When Sheikh Zayed, the Founding Father, sought to unite the emirates in 1971 the scale of the task was immense.
One of his biggest challenges was to unite the Bedouins and it took a man such as Sheikh Zayed to convince the tribes to abandon decades of nomadic living, commit to belonging to one place and believe in the dream of the UAE.
Though most had barely spoken to him, the first President of the UAE was such a formidable force that his ideas were enough to bring together camel herders, pearl divers and so many more from all corners of the emirates.
He built houses for them, schools to educate their children and hospitals to treat their sick.
Although many could barely read or write and were so set in their ways, they believed in a man they barely knew.
He was younger than most of them but his strength of leadership made him instantly known as "Baba Zayed". To mark the UAE's 49th National Day, and as the country enters its 50th year, The National interviewed six people who lived through these days of change.
Bakheet Al Mansoori, 76, cannot remember the exact year of his birth.
He wrote down 1944 but that was based on family tales and great events that took place.
"They would write down our birth year according to the events of the year so the year of hunger or the year of war," says Mr Al Mansoori.
He is a Bedouin from the Manasir tribe and spent the early years of his life close to the Liwa oasis in the shade of the palm trees.
There he spent his time with camels and hunted amid the dunes. It was a way of life that had been unchanged for centuries.
Mr Al Mansoori, like many other Bedouins, did not have a formal education but the oil companies that came to the region early on provided opportunities and led to changes that transformed this way of life.
"I was around 10 and began working for them as a labourer, like other Emiratis. There are those who worked as labourers, kitchen boys and cleaners at these companies," he says.
About a year later, Mr Al Mansoori moved to Abu Dhabi and began working for Sheikh Shakhbut, who was Ruler of the emirate at the time.
Mr Al Mansoori used to water the plants in front of Qasr Al Hosn.
“Bedouin boys are smart and quick," he says. "They go to the desert and back on their own. A boy of 10 at the time is like a man in his twenties today, so I started working watering the plants of Al Hosn palace."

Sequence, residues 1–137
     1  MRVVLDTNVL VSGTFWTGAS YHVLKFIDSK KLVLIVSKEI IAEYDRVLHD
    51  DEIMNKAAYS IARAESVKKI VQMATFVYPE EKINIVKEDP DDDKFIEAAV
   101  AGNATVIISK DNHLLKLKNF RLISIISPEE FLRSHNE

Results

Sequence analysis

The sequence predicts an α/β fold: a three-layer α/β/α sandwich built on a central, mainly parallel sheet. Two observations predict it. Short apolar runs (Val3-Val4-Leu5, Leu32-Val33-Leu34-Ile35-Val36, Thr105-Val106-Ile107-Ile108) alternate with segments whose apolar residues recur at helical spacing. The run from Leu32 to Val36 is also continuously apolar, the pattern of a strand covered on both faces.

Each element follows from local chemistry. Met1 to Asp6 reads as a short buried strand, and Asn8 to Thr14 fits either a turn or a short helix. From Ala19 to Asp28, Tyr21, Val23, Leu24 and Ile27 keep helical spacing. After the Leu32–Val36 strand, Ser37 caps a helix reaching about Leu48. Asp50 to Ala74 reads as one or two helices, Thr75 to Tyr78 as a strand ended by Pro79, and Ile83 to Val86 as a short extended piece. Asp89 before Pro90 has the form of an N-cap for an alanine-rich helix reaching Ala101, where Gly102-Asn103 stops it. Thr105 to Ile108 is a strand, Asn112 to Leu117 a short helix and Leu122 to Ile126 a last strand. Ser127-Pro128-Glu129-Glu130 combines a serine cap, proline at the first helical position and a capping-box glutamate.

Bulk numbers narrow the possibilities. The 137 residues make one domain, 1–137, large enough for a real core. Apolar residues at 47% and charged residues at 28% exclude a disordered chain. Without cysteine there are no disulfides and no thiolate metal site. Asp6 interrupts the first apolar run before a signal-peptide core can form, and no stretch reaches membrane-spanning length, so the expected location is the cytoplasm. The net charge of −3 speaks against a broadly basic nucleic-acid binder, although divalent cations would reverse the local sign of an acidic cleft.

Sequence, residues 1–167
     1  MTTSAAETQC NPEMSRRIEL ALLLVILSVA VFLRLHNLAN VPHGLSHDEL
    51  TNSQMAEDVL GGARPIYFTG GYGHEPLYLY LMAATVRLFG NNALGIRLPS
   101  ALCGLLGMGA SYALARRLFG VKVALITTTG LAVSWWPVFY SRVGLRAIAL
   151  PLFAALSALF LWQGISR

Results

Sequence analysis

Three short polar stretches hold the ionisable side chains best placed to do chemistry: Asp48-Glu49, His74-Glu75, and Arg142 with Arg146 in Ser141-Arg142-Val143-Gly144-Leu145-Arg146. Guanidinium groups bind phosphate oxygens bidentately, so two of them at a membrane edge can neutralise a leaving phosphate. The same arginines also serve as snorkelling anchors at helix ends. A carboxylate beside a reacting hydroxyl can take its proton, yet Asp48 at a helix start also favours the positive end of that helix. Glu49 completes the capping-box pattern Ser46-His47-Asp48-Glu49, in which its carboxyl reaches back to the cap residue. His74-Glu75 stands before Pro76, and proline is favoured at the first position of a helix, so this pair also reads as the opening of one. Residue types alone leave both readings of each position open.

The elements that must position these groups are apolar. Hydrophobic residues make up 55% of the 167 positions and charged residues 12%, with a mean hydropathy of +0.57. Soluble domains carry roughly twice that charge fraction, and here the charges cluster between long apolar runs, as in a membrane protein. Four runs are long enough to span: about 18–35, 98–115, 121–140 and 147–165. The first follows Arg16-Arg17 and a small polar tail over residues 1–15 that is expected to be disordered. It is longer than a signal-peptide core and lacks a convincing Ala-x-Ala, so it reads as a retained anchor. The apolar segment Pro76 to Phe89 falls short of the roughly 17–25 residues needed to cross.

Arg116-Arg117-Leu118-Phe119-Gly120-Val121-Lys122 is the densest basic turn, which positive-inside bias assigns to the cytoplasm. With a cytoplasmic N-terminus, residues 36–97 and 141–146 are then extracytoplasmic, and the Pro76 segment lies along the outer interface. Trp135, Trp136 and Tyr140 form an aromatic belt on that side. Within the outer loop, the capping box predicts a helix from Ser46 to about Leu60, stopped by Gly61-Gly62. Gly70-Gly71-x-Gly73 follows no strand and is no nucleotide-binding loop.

He left and worked as a driver for various companies and employers in the emirate.
“I was driving. You would drive without a licence. Driving licences came much later," he says.
He also worked as one of the first tractor drivers for construction work in Al Dhafra.
But, restless for the desert, Mr Al Mansoori left work again. “I got bored and excused myself and went back to the desert," he says.
When unification took place, Mr Al Mansoori was in the desert but the significance and ambition of what happened filtered across the dunes.
"Sheikh Zayed met with the Rulers and established the union," he says.
"I wasn’t there but when the union formed it affected all of us. Everything changed. There is power in the union.”
He never spoke to or met Sheikh Zayed, the man behind this change. "We never crossed paths," Mr Al Mansoori says.
"I love the desert. I love camels. Civilisation and modernity has come but we are old."
Mr Al Mansoori, who still lives in Al Dhafra, is not disturbed by all the development. He still travels to the desert and attends every camel race.
“It doesn’t bother us. You can’t want money and air-conditioning and a house and want the desert at the same time," he says.
"Look at us now, if you switch off the air conditioning then it bothers us. The desert is over – we can't go back to living there any more.
“Life is better now. I go to the hospital when I am sick, I pray at the mosque and life is comfortable.
"May God bless the union. Make it strong and protect our leaders."